Quantitative analysis of chromatin compaction in living cells using FLIM-FRET

David Lleres, John James, Sam Swift, David G. Norman, Angus I. Lamond (Lead / Corresponding author)

    Research output: Contribution to journalArticlepeer-review

    105 Citations (Scopus)
    286 Downloads (Pure)

    Abstract

    We present a quantitative Forster resonance energy transfer (FRET)-based assay using multiphoton fluorescence lifetime imaging microscopy (FLIM) to measure chromatin compaction at the scale of nucleosomal arrays in live cells. The assay uses a human cell line coexpressing histone H2B tagged to either enhanced green fluorescent protein (FP) or mCherry FPs (HeLaH2B-2FP). FRET occurs between FP-tagged histones on separate nucleosomes and is increased when chromatin compacts. Interphase cells consistently show three populations of chromatin with low, medium, or high FRET efficiency, reflecting spatially distinct regions with different levels of chromatin compaction. Treatment with inhibitors that either increase chromatin compaction (i.e., depletion of adenosine triphosphate) or decrease chromosome compaction (trichostatin A) results in a parallel increase or decrease in the FLIM-FRET signal. In mitosis, the assay showed variation in compaction level, as reflected by different FRET efficiency populations, throughout the length of all chromosomes, increasing to a maximum in late anaphase. These data are consistent with extensive higher order folding of chromatin fibers taking place during anaphase.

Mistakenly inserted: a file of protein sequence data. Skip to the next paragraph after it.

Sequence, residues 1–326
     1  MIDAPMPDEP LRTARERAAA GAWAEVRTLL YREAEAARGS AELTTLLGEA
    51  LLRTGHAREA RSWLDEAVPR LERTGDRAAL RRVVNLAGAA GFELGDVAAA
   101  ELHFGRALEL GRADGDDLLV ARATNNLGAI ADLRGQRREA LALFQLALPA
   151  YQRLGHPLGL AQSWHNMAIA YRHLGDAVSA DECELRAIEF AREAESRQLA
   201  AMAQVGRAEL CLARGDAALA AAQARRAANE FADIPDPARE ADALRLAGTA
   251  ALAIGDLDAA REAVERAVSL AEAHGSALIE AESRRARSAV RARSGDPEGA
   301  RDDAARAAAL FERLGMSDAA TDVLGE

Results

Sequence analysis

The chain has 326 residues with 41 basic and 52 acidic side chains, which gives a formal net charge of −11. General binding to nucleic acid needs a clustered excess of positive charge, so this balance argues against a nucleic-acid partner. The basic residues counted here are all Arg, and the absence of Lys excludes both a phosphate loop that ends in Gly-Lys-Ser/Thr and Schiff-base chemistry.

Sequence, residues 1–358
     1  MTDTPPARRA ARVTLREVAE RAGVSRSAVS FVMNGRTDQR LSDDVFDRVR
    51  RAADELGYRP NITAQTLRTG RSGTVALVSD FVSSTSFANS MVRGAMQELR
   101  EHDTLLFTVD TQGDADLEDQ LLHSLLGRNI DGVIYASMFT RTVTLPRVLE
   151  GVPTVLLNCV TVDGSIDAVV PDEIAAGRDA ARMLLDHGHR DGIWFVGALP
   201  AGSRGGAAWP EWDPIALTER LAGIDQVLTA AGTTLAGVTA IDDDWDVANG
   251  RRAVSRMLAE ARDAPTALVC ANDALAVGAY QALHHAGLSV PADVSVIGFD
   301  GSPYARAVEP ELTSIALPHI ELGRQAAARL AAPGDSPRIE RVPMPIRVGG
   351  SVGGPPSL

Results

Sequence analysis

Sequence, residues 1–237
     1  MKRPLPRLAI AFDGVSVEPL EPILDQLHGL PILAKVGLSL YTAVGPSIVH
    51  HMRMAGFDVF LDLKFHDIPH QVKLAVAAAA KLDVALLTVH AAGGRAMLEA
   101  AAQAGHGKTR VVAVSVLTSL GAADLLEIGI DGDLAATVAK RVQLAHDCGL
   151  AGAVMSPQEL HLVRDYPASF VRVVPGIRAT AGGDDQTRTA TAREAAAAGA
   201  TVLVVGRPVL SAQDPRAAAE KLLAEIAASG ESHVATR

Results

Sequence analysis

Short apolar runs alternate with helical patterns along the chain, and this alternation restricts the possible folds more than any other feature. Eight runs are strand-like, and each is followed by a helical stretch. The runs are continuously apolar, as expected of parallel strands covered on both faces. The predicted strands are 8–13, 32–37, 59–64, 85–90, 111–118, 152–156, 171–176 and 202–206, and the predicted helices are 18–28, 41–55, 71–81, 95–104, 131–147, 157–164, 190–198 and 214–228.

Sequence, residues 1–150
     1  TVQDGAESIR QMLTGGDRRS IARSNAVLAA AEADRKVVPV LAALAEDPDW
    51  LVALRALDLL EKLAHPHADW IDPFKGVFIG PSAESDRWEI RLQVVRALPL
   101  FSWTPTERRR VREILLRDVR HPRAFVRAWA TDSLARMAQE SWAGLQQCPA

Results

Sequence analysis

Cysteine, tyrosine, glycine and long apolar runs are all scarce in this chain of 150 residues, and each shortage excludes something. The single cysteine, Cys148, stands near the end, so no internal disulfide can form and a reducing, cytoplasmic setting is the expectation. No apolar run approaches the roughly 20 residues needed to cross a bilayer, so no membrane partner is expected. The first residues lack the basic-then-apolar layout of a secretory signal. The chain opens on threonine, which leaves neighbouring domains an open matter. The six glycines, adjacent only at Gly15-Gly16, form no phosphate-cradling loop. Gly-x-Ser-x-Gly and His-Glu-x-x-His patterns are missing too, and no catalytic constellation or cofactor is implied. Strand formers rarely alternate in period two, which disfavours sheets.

Original languageEnglish
    Pages (from-to)481-496
    Number of pages16
    JournalJournal of Cell Biology
    Volume187
    Issue number4
    DOIs
    Publication statusPublished - 16 Nov 2009

    Keywords

    • LIFETIME IMAGING MICROSCOPY
    • HISTONE ACETYLATION
    • IN-VIVO
    • FLUORESCENT PROTEINS
    • TIME-LAPSE
    • HETEROCHROMATIN
    • DYNAMICS
    • NUCLEOSOME
    • TRANSCRIPTION
    • FIBER

    Fingerprint

    Dive into the research topics of 'Quantitative analysis of chromatin compaction in living cells using FLIM-FRET'. Together they form a unique fingerprint.

    Cite this